These tests are split into three parts. For this first part, we start with low speed black and white films: ILFORD Pan F+, ILFORD Delta 100 Professional and Ilford FP4+.
Part two will cover the following high speed black and white films: ILFORD SFX200, ILFORD HP5+, ILFORD Delta 400 Professional and ILFORD Delta 3200 Professional.
Part three will make a departure from typical long exposure articles and cover the results of long exposure with the following color films: Kodak Ektar 100, Kodak Portra 160, Kodak Portra 800 and Fuji 400H.
There is also a potential part four but details are as yet, under wraps.
Long exposure results: ILFORD PAN F+, ILFORD FP4+, ILFORD Delta 100 Professional
Testing ILFORD PAN F+
This film has a very enigmatic look, at least to me. The slowest labeled emulsion from ILFORD, PAN F tends to give away a darker rendering of the scene, overall. With the long exposure tests, the most dramatic change appears in highlight areas, while shadows change only slightly with each new adjustment.
To this end, PAN F seems to be well suited for affecting a higher contrast between shadows and highlights with a more substantive long exposure adjustment.
ILFORD PAN F+ test 01
ILFORD PAN F+
EI: 50 – Aperture: f/11Shutter: 32s
ILFORD PAN F+ test 02
ILFORD PAN F+ test 03
Testing ILFORD FP4+
FP4 is truly a good utility film. From all black and white emulsions that I tested, it provides the most even look, delivering negatives/scans that can easily be manipulated in post.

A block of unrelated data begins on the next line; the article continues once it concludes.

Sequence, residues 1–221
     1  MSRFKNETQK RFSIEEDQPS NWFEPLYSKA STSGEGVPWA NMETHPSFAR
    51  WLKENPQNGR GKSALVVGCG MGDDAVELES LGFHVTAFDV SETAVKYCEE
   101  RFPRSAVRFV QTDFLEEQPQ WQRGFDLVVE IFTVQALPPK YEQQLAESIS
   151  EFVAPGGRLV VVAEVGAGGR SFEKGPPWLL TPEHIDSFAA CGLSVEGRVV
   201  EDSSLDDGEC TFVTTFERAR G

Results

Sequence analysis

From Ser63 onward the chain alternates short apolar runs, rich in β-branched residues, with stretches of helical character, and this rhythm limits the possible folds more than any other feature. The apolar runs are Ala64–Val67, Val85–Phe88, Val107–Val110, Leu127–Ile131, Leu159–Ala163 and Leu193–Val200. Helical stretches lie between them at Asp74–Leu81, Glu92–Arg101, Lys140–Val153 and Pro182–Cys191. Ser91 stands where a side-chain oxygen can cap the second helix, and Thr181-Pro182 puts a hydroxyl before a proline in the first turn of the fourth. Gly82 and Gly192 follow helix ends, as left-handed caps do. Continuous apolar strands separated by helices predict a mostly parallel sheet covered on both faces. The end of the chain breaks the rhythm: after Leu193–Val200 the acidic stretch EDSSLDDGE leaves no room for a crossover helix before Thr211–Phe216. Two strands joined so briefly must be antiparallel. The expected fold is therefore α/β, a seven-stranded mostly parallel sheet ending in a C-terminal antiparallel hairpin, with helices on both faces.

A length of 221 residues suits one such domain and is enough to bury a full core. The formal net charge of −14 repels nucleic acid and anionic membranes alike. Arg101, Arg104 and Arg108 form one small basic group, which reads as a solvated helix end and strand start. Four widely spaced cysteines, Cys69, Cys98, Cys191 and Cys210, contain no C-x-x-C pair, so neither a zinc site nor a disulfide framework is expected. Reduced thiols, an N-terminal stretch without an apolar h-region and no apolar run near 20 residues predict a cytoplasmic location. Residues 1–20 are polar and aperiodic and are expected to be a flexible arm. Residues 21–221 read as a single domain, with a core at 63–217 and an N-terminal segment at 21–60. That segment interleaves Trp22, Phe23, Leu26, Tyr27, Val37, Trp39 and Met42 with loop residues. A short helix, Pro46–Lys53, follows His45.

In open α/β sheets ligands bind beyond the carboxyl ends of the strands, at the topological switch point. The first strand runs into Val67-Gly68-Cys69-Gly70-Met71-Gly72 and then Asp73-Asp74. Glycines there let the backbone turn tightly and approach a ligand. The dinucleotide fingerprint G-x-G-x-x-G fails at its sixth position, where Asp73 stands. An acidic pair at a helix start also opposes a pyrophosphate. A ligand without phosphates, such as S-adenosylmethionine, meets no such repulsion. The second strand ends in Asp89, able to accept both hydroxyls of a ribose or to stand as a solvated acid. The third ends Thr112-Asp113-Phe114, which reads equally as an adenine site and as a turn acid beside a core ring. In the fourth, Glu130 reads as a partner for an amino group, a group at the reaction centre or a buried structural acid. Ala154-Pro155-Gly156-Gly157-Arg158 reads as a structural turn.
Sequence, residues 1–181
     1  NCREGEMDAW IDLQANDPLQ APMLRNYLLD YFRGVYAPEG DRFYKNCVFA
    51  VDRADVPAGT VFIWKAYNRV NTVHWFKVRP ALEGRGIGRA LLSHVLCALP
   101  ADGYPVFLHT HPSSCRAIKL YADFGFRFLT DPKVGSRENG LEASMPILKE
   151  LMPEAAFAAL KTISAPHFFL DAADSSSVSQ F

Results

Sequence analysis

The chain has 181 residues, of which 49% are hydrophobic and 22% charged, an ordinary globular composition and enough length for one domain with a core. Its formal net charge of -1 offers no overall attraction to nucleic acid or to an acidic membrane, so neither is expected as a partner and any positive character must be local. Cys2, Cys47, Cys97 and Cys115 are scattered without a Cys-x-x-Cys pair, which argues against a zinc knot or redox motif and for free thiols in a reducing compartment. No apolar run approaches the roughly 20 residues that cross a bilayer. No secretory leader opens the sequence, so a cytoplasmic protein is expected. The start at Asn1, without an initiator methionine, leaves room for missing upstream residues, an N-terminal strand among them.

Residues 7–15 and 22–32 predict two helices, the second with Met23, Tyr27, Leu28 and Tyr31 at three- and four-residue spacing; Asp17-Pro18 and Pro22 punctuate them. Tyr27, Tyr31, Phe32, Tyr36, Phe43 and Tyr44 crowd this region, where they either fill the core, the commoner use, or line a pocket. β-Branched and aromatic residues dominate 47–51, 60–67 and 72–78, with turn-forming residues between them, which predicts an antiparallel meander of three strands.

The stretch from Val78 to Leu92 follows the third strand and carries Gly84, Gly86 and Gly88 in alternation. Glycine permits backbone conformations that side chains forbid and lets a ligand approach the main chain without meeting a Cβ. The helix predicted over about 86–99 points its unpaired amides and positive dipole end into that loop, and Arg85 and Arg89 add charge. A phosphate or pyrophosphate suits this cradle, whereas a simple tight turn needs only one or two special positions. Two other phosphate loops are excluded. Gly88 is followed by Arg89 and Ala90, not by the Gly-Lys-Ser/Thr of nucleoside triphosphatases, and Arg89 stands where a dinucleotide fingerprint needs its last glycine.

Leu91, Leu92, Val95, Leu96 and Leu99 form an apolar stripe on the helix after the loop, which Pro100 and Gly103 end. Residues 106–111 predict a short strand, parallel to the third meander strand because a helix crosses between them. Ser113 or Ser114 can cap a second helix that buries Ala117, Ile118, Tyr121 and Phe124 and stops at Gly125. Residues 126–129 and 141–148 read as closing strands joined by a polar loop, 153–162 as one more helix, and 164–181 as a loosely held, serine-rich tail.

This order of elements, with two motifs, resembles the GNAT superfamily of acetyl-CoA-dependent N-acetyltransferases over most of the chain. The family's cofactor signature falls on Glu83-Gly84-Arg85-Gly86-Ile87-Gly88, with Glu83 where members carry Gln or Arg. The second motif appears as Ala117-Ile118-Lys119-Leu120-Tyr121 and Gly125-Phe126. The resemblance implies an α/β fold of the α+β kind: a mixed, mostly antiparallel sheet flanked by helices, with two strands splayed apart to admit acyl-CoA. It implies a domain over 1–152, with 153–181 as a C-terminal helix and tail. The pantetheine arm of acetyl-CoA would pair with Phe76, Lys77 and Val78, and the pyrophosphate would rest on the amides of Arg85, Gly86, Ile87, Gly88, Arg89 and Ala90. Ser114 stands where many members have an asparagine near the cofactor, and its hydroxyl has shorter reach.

With long exposures, more adjustment is made to metered values, the exposure becomes flatter, muddier. Unlike PAN F, FP4+ appears to deliver less contrast between shadows and highlights longer the adjustment becomes.
ILFORD FP4+ test 01
ILFORD FP4+ test 02
ILFORD FP4+ test 03
Testing ILFORD Delta 100 Professional
This is my go-to black and white film, so logical to start at this point. Long exposure bracketing shows most of the difference in shadows. Changes from one adjustment factor to another are rather subtle and smooth. The contrast between shadows and highlights remains in the same range throughout the bracketing range. This is in line with general tonal properties I find pleasing with Delta 100.
ILFORD Delta 100 Professional test 01
ILFORD Delta 100 Professional test 02
ILFORD Delta 100 Professional test 03
You may draw your own conclusions as to which, if any, of the exposures in the tests above suit your own photographic taste. As noted above, the purpose of these tests was to “evaluate what exact method is the best suited to way I see the world”, in the context of my ongoing project Where We Meet.
It is also worth noting that there are still eight films left to share as part of these tests. Each of these films has it’s own characteristics, strengths and weaknesses; and deals with my approach to compensating for reciprocity failure in a different manner.
I hope you’ve enjoyed reading and look forward to hearing your thoughts below.
~ Toni Skokovic